COMMITTEE ON THE REVIEW OF SPECIFIC PROGRAMS IN THE COMPREHENSIVE ADDICTION AND RECOVERY ACT KENNETH B. WELLS (Chair), Director, Center for Health Services and Society, Semel Institute, University of California, Los Angeles HORTENSIA AMARO (Vice Chair), Distinguished University Professor and Senior Scholar on Community Health, Florida International University GINA BRYAN, Director and Clinical Professor, Post Graduate Psych-Mental Health Program, University of Wisconsin–Madison KAREN CROPSEY, Conaster Turner Endowed Professor of Psychiatry, The University of Alabama at Birmingham JOAN DUWVE, Public Health Specialist, Kansas Department of Health and Environment RAHUL GUPTA, Senior Vice President and Chief Medical and Health Officer, March of Dimes DAVID H. GUSTAFSON, Director, Center for Health Enhancement Systems Studies, University of Wisconsin–Madison (resigned August 2020) MARCELA HORVITZ-LENNON, Senior Physician Scientist, RAND Corporation RAYMOND C. LOVE, Professor and Director, Mental Health Program, School of Pharmacy, University of Maryland YNGVILD OLSEN, Medical Director, REACH Health Services, Institutes for Behavior Resources, Inc. SHARON REIF, Professor, Heller School for Social Policy and Management, Brandeis University Study Staff KATHLEEN STRATTON, Study Director ANDREW MERLUZZI, Program Officer (until August 2020) KELLY MCHUGH, Research Associate (from October 2020) MISRAK DABI, Financial Business Partner CRYSTI PARK, Administrative Assistant ROSE MARIE MARTINEZ, Senior Board Director PREPUBLICATION COPY: UNCORRECTED PROOFS v

REVIEWERS This Consensus Study Report was reviewed in draft form by individuals chosen for their diverse perspectives and technical expertise. The purpose of this independent review is to provide candid and critical comments that will assist the National Academies of Sciences, Engineering, and Medicine in making each published report as sound as possible and to ensure that it meets the institutional standards for quality, objectivity, evidence, and responsiveness to the study charge. The review comments and draft manuscript remain confidential to protect the integrity of the deliberative process. We thank the following individuals for their review of this report: ANDREA ACEVEDO, Tufts University GEORGES C. BENJAMIN, American Public Health Association MOLLY BROWN, DePaul University CHIN HWA (GINA) DAHLEM, University of Michigan School of Nursing BETHANY DIPAULA, University of Maryland School of Pharmacy CORI SHEEDY, Abt Associates SCOTT STEIGER, University of California, San Francisco Although the reviewers listed above provided many constructive comments and suggestions, they were not asked to endorse the conclusions or recommendations of this report, nor did they see the final draft before its release. The review of this report was overseen by JOSIAH “JODY” RICH, Brown University and the Miriam Hospital, and JACK C. EBELER, Health Policy Alternatives, Inc. They were responsible for making certain that an independent examination of this report was carried out in accordance with the standards of the National Academies and that all review comments were carefully considered. Responsibility for the final content rests entirely with the authoring committee and the National Academies. PREPUBLICATION COPY: UNCORRECTED PROOFS vii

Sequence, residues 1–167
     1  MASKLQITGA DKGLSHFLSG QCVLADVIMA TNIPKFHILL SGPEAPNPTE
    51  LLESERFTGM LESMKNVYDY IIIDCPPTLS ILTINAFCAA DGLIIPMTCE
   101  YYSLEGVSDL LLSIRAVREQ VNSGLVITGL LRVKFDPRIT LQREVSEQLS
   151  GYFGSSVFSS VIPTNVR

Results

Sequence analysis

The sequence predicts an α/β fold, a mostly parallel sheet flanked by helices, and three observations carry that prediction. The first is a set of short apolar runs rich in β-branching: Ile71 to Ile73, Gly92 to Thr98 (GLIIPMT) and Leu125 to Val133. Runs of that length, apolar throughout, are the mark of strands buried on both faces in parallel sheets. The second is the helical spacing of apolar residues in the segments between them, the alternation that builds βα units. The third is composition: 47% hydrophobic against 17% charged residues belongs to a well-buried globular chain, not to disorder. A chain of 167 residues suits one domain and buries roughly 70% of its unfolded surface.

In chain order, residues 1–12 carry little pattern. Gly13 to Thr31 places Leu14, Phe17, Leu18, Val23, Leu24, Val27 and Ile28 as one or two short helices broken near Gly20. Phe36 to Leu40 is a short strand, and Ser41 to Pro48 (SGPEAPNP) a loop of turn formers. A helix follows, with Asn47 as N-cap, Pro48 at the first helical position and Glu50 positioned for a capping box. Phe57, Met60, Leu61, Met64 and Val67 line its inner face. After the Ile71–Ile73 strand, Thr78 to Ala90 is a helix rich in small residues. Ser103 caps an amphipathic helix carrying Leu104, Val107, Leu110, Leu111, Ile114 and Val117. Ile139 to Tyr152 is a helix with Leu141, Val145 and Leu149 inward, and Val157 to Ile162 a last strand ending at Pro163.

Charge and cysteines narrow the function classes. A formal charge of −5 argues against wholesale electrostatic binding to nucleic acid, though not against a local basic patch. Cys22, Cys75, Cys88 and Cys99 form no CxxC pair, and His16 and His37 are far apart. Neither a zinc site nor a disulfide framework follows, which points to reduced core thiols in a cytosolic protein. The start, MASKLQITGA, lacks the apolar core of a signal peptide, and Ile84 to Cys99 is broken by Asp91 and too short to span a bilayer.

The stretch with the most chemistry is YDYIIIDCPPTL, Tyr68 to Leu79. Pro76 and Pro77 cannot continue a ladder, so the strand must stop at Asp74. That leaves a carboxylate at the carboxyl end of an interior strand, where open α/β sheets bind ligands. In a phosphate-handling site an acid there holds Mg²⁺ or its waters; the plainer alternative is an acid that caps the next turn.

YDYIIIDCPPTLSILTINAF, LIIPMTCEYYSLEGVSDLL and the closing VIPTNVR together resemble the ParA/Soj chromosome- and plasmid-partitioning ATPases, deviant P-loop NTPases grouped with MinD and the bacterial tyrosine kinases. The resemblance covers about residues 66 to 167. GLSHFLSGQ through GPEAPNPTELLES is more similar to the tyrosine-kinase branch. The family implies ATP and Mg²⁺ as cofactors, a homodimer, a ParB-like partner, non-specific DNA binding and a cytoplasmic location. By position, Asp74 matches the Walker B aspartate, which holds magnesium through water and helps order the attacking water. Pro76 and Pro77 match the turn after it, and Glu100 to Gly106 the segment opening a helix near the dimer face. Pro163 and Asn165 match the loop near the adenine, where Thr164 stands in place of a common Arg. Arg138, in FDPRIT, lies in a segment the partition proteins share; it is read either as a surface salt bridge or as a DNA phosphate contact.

Acknowledgments The committee of this study thanks Dr. David Gustafson for his service in the early phases of this report. The committee also thanks both the Substance Abuse and Mental Health Services Administration and the Comprehensive Addiction and Recovery Act (CARA) grantees for their work, and for providing information to the National Academies for this study. PREPUBLICATION COPY: UNCORRECTED PROOFS ix

Contents ACRONYMS AND ABBREVIATIONS xv PREFACE xvii SUMMARY S-1 1 INTRODUCTION AND BACKGROUND 1-1 Comprehensive Addiction and Recovery Act, 1-2 Statement of Task and Report Methodology, 1-4 Organization of the Report, 1-6 2 PPW-PLT AND BCOR PROGRAMS 2-1 Introduction, 2-1 PPW-PLT Program Description, 2-1 BCOR Program Description, 2-2 Methodology, 2-5 Government Performance Reports Act (GPRA) Data Reports, 2-5 Grantee Progress Reports, 2-7 Cross-Cutting Data Limitations, 2-8 Findings: PPW-PLT, 2-10 Required Activity 1, 2-10 Required Activity 2, 2-18 Required Activity 3, 2-20 Allowable Activity 1, 2-20 Allowable Activity 2, 2-21 Allowable Activity 3, 2-21 Summary of PPW-PLT Program Progress, 2-21 Findings: BCOR, 2-21 Required Activity, 2-21 Allowable Activity 1, 2-26 Allowable Activity 2, 2-29 Allowable Activity 3, 2-30 Summary of BCOR Program Progress, 2-32 3 OD TREATMENT ACCESS AND FR-CARA PROGRAMS 3-1 Introduction, 3-1 OD Treatment Access Program Description, 3-1 FR-CARA Program Description, 3-1 Methodology, 3-5 Summary Report from the CSAP Division of State Programs Management Reporting Tool (DSP-MRT), 3-5 Report from the OD Treatment Access Reporting Form, 3-7 Cross-Cutting Data Limitations, 3-8 PREPUBLICATION COPY: UNCORRECTED PROOFS xi